Rock 'n' roll, on the other hand, embraces all of these styles, and one can thus pinpoint rock 'n' roll's first platter being from either 1902 or 1952, depending upon one's point of view. All of which leads to my opinion that rock 'n' roll's evolution began decades before the 1950's.

When Elvis recorded his version of Arthur "Big Boy" Crudup's "That's All Right," they didn't know how to promote Elvis or the record. Was he black or white? Was the record country, blues, or pop? Here we're going to feature some songs that also defy category on the hillbilly side of things, long before anyone ever heard of Elvis Presley.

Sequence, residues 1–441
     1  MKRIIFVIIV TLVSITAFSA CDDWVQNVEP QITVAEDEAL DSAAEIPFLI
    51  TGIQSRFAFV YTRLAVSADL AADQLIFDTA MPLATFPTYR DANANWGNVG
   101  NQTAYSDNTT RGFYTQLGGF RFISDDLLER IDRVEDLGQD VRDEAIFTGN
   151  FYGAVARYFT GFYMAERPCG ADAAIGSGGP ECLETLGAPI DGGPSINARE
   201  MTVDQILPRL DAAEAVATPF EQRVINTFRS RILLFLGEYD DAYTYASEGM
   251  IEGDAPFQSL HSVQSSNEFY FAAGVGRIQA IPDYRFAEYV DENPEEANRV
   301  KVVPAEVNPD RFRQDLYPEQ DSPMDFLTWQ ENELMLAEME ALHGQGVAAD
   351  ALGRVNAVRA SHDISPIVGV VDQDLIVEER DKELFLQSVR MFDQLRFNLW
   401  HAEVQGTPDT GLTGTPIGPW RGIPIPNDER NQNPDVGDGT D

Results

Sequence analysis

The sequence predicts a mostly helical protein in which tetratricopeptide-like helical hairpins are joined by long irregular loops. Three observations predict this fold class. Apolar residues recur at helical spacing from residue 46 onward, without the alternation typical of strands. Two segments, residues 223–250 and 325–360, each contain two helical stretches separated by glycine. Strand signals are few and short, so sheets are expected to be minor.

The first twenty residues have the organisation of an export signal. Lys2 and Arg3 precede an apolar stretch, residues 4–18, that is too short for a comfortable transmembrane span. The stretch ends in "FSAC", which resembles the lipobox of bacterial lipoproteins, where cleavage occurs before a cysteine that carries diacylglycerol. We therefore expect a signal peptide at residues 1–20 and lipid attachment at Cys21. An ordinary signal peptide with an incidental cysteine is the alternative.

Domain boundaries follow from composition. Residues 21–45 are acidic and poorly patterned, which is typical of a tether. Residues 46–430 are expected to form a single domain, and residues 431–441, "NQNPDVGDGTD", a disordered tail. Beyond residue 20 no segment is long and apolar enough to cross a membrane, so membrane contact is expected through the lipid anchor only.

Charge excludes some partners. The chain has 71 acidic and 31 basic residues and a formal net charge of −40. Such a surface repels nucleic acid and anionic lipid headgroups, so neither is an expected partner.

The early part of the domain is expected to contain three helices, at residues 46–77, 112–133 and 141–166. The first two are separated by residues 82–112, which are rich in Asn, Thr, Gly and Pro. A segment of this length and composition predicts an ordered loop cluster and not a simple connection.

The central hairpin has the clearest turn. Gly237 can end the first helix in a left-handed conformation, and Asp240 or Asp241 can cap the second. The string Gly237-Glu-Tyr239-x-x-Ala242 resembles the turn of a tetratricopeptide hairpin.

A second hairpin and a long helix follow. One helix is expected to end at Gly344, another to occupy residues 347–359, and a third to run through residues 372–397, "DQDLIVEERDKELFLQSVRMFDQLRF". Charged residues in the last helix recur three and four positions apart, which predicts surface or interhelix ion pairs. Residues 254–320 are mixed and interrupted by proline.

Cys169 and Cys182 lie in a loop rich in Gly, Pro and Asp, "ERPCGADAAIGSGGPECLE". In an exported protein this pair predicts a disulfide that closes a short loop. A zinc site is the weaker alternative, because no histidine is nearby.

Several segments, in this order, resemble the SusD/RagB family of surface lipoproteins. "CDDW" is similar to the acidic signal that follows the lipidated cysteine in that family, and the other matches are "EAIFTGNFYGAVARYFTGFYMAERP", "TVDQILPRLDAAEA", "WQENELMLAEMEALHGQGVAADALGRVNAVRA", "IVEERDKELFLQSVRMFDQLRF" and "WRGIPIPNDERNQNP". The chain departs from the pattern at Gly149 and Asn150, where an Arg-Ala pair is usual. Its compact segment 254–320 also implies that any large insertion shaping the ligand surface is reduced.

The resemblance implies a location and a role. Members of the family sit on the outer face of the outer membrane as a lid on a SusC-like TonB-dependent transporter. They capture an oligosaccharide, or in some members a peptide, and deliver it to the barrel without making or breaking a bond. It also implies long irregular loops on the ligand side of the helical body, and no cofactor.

1. "I Ain't Got Nobody" by Emmett Miller, recorded on June 12, 1928. This is the same tune that was later recorded by both Louis Prima and David Lee Roth. Emmett Miller, a white man who performed in black face, made his recording debut in 1924. He was a pop singer with hillbilly overtones supported by some of the hottest jazz artists who were billed as his Georgia Crackers. "I Ain't Got Nobody" features Tommy Dorsey on trombone and Eddie Lang on guitar, among others (Gene Krupa and Jack Teagarden are featured on his 1929 sides). Many of Emmett's records feature drunken hillbilly dialect straight out of the minstrel-vaudeville circuit. Like Elvis Presley thirty years later, his music defies category, although he is remembered today, when he's remembered at all, as a country singer. Amazingly, Miller's 1928 recording of "Brother Bill" not only predates the comic routines later done by Bo Diddley and Jerome Green, but also contains imagery that would later appear in the Bo Diddley classic "Who Do You Love?".  (Listen closely around the 40-second mark)